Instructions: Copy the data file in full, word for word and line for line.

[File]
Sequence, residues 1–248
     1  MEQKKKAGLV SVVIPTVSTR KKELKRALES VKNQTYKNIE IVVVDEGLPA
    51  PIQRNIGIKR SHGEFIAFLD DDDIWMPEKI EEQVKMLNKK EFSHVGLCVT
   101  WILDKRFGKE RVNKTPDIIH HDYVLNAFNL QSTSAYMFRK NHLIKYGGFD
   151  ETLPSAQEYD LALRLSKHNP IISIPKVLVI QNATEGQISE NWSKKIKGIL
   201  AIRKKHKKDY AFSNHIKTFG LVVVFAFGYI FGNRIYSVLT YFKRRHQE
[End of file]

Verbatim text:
Sequence, residues 1–248
     1  MEQKKKAGLV SVVIPTVSTR KKELKRALES VKNQTYKNIE IVVVDEGLPA
    51  PIQRNIGIKR SHGEFIAFLD DDDIWMPEKI EEQVKMLNKK EFSHVGLCVT
   101  WILDKRFGKE RVNKTPDIIH HDYVLNAFNL QSTSAYMFRK NHLIKYGGFD
   151  ETLPSAQEYD LALRLSKHNP IISIPKVLVI QNATEGQISE NWSKKIKGIL
   201  AIRKKHKKDY AFSNHIKTFG LVVVFAFGYI FGNRIYSVLT YFKRRHQE